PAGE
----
droplets, and if the cloud has strong updrafts, the drops may be swept back up to fall through
the cloud repeatedly.
5. Clouds (9)
Low clouds that have a large horizontal extent are called STRATUS. CIRRUS clouds are high
clouds made of ice crystals. CUMULONIMBUS clouds have large vertical extent and can
produce severe weather such as hail and tornadoes. The small, light, fluffy kinds of clouds seen
on sunny days and that children like to draw are called CUMULUS. On a typical Seattle Winter
day, the clouds are wide, featureless and produce drizzle. This type of cloud is called
NIMBOSTRATUS, and is usually found (LOW / mid-level / high) in the troposphere. Cap
clouds are found over MOUNTAIN TOPS. You would expect the winds to be (STRONG /
weak) underneath a cap cloud. The presence of stratus denotes that the atmosphere is (MORE /
less) stable than if cumulus clouds were present.
6. Stability
The graph below shows a simplified but typical temperature profile on the British Columbia
coast in February. You can assume that the dry adiabatic lapse rate is –10°C/km, and that the
moist adiabatic lapse rate is –6°C/km. (11)
-21°C at 4 km
Layer B
2-4 km
Height (km)
-17°C at 2 km
Layer A
0-2 km
-1°C at 0 km
Temperature (°C)
A. In layer A (0-2 km), the profile is (circle one):
absolutely stable
conditionally stable
absolutely unstable
B. In layer B (2-4 km), the profile is (circle one):
absolutely stable
conditionally stable
absolutely unstable
C. Which type of cloud would most likely occur in layer A? Circle one and explain your
.Cumulus: if RH is high enough at the surface, the air will rise and cool at the dry adiabatic
lapse rate until it reaches its dew point, then it will rise and cool at the moist adiabatic lapse
rate, which will cool the parcel more slowly than the surrounding environment cools. If the
temperature of the parcel gets warmer than the temperature of the environment, a cumulus cloud
can form.
Stratus could form if the air is not lifted strongly (as in cumulus), and the relative humidity is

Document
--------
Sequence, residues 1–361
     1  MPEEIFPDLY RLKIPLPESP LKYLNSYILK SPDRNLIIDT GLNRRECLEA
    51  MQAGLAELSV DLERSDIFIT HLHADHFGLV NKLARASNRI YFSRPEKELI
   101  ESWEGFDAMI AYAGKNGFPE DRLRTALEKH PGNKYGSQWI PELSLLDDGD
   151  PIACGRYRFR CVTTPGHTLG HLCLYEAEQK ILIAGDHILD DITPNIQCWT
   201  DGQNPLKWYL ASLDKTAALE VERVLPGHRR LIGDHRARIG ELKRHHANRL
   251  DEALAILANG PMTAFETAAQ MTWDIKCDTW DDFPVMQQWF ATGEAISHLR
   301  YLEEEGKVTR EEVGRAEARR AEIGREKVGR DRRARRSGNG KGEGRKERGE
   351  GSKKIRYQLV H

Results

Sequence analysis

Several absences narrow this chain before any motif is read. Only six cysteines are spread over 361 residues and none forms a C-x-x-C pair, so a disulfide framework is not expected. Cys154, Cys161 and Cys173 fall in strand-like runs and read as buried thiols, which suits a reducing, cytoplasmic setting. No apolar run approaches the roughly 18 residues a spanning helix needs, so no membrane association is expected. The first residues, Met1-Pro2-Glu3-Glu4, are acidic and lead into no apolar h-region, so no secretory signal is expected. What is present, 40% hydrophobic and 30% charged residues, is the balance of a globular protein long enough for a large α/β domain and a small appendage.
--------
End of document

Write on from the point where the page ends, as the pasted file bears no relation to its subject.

high enough at the surface.
MULTIPLE CHOICE Indicate the single best answer. There are 7 questions, each worth 3 points.
1. Under normal atmospheric conditions, when you point to a star on the horizon, the actual
position of the star is
a. slightly higher.
b. slightly lower.
c. slightly to the left.
d. exactly where you see it.
2. During the Bergeron process (cold clouds) of precipitation formation,
a. only ice crystals need be present in a cloud.
b. the cloud must be cumuliform.
c. the cloud must be stratus.
d. ice crystals grow larger at the expense of the surrounding liquid cloud droplets.
3. If the atmosphere is in hydrostatic balance, then this means that the weight of the atmosphere due
to gravity is balanced by
a. solar heating at the ground.
b. the vertical pressure gradient.
c. the Coriolis force.
d. the geostrophic wind.
4. An unsaturated parcel of air moves over a body of water and water evaporates into the air parcel.
The temperature of the air remains the same. The dew point temperature of the air parcel will
__________, the mixing ratio will __________, and the relative humidity will __________.
a. increase, increase, increase
b. decrease, decrease, increase
c. increase, decrease, increase
d. decrease, decrease, decrease
5. If the air molecules scattered all wavelengths of visible light equally, the mid-day sky would be
a. black.
b. white.
c. dark blue.
d. green.
6. Radiation fog is due to
a. cold dry air moving over warmer water.
b. warm moist air moving over colder water.
c. nighttime infrared cooling of moist air at the surface.
d. warm moist air moving over cold land.
7. On a typical day, the relative humidity will be highest at
a. noon.
b. midnight.
c. sunrise.
d. sunset.
Extra Credit (4 points)
During Ernest Shackleton’s last expedition to Antarctica, on May 8, 1915, seven days after the sun
had set for the winter, he saw the sun reappear. Explain how this event – called the Novaya Zemlya
Effect – can occur.
Shackelton saw the sun rise seven days after it set because of refraction. Refraction causes the path
of the incoming sun to be bent towards the dense air. In this case, the sun had set for the winter
(because the Earth's rotation about the sun, plus tilt of rotation axis about the solar plane).
However, weather conditions and the lack of sunlight days later must have created a cold enough
air mass that, seven days after the sun set, refraction had become great enough to bend the light
over the true horizon to Ernest's ship.
Extra Credit (2 points)
When you flush your toilet, do you expect the Coriolis force to be a significant factor in determining
the direction of the water as it drains? Explain.
The time it takes for water to drain from a toilet is measured in seconds. The time it takes for the
Earth's rotational effects to become significant is many hours (on the order of a day). Hence,
rotational effects (Coriolis Effects) are not significant to understand how water drains from a toilet.
[If you had a toilet the size of the Kingdome and a drain the size of basketball, you would probably
have to deal with rotation.]